One year after the collapse of US investment bank Lehman Brothers triggered a global economic slowdown, the Middle East’s real estate developers are once again tendering a series of tall tower schemes.

But the projects of 2009 are very different from those of previous years. The biggest change is that Dubai is only awarding a handful of contracts. Instead, most of today’s new tower projects are being built in other Gulf cities, such as Jeddah, Doha and Riyadh.

The second crucial difference is that, with the exception of Kingdom Holdings’ planned 1-kilometre-tall tower in Jeddah, almost all the tall towers planned are relying on government funding. They include the new Capital Market Authority headquarters in Riyadh and a similar building in Doha for Qatar National Bank.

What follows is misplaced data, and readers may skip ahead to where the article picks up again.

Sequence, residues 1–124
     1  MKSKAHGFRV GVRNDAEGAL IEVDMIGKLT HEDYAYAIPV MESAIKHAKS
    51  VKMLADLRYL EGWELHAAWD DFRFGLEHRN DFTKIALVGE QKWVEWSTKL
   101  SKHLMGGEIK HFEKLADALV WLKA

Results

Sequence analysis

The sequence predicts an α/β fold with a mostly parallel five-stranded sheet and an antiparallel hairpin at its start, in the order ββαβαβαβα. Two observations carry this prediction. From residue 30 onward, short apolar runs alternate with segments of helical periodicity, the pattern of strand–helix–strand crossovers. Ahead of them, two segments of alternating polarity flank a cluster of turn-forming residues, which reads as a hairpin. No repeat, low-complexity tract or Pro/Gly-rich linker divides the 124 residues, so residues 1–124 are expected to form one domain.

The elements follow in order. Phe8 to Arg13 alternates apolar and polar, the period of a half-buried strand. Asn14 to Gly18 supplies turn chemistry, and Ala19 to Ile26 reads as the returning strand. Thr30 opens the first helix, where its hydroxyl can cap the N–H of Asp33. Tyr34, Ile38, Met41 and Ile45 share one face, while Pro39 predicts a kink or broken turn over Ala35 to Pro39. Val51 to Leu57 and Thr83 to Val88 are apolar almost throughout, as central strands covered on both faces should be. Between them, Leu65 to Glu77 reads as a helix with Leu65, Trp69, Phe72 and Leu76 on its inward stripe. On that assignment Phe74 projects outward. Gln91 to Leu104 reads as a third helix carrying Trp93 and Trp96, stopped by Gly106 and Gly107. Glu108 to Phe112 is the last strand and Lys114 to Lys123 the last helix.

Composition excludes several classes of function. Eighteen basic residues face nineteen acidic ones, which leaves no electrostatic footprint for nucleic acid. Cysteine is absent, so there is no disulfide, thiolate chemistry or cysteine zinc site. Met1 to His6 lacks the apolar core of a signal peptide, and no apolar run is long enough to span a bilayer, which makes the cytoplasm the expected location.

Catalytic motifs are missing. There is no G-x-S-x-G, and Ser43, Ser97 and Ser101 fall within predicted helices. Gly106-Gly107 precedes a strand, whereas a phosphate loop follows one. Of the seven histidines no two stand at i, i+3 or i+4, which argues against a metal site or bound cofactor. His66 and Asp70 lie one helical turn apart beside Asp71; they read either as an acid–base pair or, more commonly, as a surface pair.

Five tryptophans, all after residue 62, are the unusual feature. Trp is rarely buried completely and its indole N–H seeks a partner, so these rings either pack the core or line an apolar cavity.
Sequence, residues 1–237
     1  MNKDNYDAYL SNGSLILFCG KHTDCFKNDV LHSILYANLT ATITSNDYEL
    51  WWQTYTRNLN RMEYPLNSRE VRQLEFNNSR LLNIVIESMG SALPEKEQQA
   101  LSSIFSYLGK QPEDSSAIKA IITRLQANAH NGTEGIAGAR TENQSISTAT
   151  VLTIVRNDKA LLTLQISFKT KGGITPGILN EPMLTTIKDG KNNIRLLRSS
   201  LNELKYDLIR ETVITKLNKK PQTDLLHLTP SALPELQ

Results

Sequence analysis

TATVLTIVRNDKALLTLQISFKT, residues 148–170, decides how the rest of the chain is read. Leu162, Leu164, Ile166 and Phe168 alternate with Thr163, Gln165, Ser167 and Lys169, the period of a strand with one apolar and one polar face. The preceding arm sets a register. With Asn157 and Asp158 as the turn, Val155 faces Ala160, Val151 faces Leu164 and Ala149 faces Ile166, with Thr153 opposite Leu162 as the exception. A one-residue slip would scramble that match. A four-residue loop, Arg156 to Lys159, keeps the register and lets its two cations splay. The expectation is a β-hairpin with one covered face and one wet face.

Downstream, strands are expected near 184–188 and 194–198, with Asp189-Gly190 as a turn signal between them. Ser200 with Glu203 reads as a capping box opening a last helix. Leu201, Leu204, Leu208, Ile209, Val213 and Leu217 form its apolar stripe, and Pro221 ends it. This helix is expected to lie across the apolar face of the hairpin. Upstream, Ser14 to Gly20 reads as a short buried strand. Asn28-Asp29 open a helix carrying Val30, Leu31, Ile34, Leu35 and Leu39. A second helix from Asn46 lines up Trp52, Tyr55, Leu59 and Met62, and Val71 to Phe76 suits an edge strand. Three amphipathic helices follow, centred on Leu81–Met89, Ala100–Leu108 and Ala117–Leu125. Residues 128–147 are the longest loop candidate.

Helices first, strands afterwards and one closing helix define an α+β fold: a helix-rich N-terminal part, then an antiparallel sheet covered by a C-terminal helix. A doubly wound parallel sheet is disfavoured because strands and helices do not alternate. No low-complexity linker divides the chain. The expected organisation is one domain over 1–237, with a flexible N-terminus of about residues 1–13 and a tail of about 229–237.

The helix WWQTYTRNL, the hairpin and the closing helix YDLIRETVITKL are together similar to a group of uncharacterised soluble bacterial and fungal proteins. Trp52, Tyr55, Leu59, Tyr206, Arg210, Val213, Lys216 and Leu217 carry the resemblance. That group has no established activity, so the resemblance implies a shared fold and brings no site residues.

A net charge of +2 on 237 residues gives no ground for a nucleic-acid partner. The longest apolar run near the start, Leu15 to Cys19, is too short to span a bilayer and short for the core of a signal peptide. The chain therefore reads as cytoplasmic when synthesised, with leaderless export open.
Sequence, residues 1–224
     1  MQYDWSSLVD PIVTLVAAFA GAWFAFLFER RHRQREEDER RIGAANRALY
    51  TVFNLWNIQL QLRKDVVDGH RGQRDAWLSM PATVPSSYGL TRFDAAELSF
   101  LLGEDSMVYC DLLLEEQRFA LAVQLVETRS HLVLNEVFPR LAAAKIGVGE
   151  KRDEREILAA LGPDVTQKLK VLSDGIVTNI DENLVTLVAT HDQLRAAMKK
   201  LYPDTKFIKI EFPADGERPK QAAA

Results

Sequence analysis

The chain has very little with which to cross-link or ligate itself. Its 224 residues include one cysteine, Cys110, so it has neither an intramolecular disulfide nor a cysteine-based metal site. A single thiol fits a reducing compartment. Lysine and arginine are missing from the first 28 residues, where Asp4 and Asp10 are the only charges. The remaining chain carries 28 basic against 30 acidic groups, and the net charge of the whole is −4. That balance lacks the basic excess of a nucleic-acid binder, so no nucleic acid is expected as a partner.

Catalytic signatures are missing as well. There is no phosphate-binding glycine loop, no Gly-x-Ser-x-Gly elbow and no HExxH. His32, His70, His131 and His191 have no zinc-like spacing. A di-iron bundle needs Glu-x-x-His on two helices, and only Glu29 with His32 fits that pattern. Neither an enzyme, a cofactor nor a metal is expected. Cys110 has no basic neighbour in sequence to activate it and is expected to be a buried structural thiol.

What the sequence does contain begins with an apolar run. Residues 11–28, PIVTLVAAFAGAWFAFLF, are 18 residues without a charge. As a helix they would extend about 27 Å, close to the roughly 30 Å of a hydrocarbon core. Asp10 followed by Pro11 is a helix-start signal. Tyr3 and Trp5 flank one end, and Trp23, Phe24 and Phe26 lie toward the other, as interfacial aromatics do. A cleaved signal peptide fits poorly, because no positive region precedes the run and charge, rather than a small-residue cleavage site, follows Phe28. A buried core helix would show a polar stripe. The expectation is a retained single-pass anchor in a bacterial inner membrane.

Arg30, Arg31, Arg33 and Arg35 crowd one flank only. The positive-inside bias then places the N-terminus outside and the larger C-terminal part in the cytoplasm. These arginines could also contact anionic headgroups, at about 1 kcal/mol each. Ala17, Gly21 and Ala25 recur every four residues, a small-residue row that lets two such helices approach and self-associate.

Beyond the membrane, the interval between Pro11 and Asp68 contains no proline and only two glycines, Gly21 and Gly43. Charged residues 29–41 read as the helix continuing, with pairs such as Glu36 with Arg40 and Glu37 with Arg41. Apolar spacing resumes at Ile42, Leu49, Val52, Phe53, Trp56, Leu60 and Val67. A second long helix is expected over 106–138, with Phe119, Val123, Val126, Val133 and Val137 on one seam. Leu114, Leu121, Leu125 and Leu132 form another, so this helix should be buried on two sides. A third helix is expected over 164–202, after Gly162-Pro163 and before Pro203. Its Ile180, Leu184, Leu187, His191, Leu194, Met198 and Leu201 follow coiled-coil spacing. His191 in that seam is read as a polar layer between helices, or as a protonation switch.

It is no coincidence that it is clients in Saudi Arabia and Qatar rather than Dubai that are willing to launch skyscraper developments.

The parlous state of many private sector real estate firms means they are unable or unwilling to invest. In their place, support from financially strong governments is crucial to get projects moving. That is why projects in energy-rich countries can move ahead while schemes in Dubai stall.

In early September, Lebanon’s Arabian Construction Company won a contract to build the 618-metre-tall Pentominium tower at Dubai Marina. That award could well be Dubai’s swan song when it comes to skyscrapers.